Microcontroller Programming – Can You Program a Microcontroller Without a Computer?


Let's say you had a rather simple and small microcontroller and had no interfacing, no computer, no debugger, compiler, or assembler. Could you write your code in assembly, convert it (manually) to machine code, and then apply power to the appropriate pins using a voltage source?

I understand you would need appropriate I/O and memory to really do anything, but if you were so inclined and had the time, could you do this? I guess, historically, how was this done when there was no computer/compiler/assembler to begin with? Feel free to link me to an outside resource. Thanks! 🙂

Best Answer

Could you write your code in assembly, convert it (manually) to machine code,

Code can be written "out of your head" in binary, if you wish.
Long (long long) ago this is how I started using (then) microprocessors.
I and friends would write code in assembly language, compile it manually to machine code (something you can do "by inspection" after some practice) then enter it into the processor by various means. On one system we built we would set up the address on binary (on off) switches or use an auto increment feature of the processor, enter 8 data bits on binary switches and then press a "clock" switch to enter the data to memory.

The equivalent functionality could be achieved with even fewer switches on a modern microcontroller using serial SPI programming - see below.

... and then apply power to the appropriate pins using a voltage source?

But it would be incredibly slow to do!
Many modern microcontrollers allow use of an "SPI" interface for programming.
This typically consists of input and output data lines and a "clock" line, and usually a reset line.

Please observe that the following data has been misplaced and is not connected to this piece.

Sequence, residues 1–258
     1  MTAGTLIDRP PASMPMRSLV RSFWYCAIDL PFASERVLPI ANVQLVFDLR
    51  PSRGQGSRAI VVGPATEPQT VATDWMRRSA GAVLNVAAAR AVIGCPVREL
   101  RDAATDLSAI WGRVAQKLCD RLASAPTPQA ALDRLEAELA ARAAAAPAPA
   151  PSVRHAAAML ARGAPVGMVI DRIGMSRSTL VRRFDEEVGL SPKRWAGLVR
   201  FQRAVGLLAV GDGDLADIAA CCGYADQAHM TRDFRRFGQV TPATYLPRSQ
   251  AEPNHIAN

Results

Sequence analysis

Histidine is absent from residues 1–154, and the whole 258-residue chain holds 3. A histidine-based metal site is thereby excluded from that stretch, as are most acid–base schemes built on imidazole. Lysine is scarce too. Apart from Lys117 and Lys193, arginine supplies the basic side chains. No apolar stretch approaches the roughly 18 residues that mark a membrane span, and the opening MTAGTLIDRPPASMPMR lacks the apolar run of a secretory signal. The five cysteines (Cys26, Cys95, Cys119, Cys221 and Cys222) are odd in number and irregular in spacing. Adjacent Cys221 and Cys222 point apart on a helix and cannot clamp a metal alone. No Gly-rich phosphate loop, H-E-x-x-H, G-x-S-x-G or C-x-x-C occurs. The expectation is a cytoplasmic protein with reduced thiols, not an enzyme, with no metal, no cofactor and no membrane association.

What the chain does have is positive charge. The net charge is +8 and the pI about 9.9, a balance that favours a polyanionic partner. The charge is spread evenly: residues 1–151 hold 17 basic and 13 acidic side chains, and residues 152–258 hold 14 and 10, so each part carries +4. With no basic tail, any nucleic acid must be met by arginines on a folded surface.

Many processors allow SPI clock and data to be "static" which means there is no limit on how long you can take to set up the data between bits. You could program such a processor using a data line and a clock line which were driven by manually operated switches. The clock line needs to be "bounce free" - you need to be able to set it high or low in a single transition per operation - so a minimum interface may need to include a Schmitt triggered gate. You may "get away with" just an RC delay and a push button switch, but a Schmitt triggered input is safer. The data line does not need to be bounce free as its state is only read at the clock edge.

Some interfaces are interactive - data is output by the processor during programming (eg data out = MISO = Master In Serial Out on AVR processors). To read this you'd need to add eg an LED and a resistor (and just maybe a buffer or transistor if the drive capability was REALLY low).


From semi-fading memory (almost 40 years!)

LDI A, $7F ...... 86 7F ...... 1000 0110 0111 1111
STA, $1234...... B7 12 34 ... 1011 0111 0001 0010 0011 0100
LDI X, $2734... CE 27 34 ... 1100 1110 0010 0111 0011 0100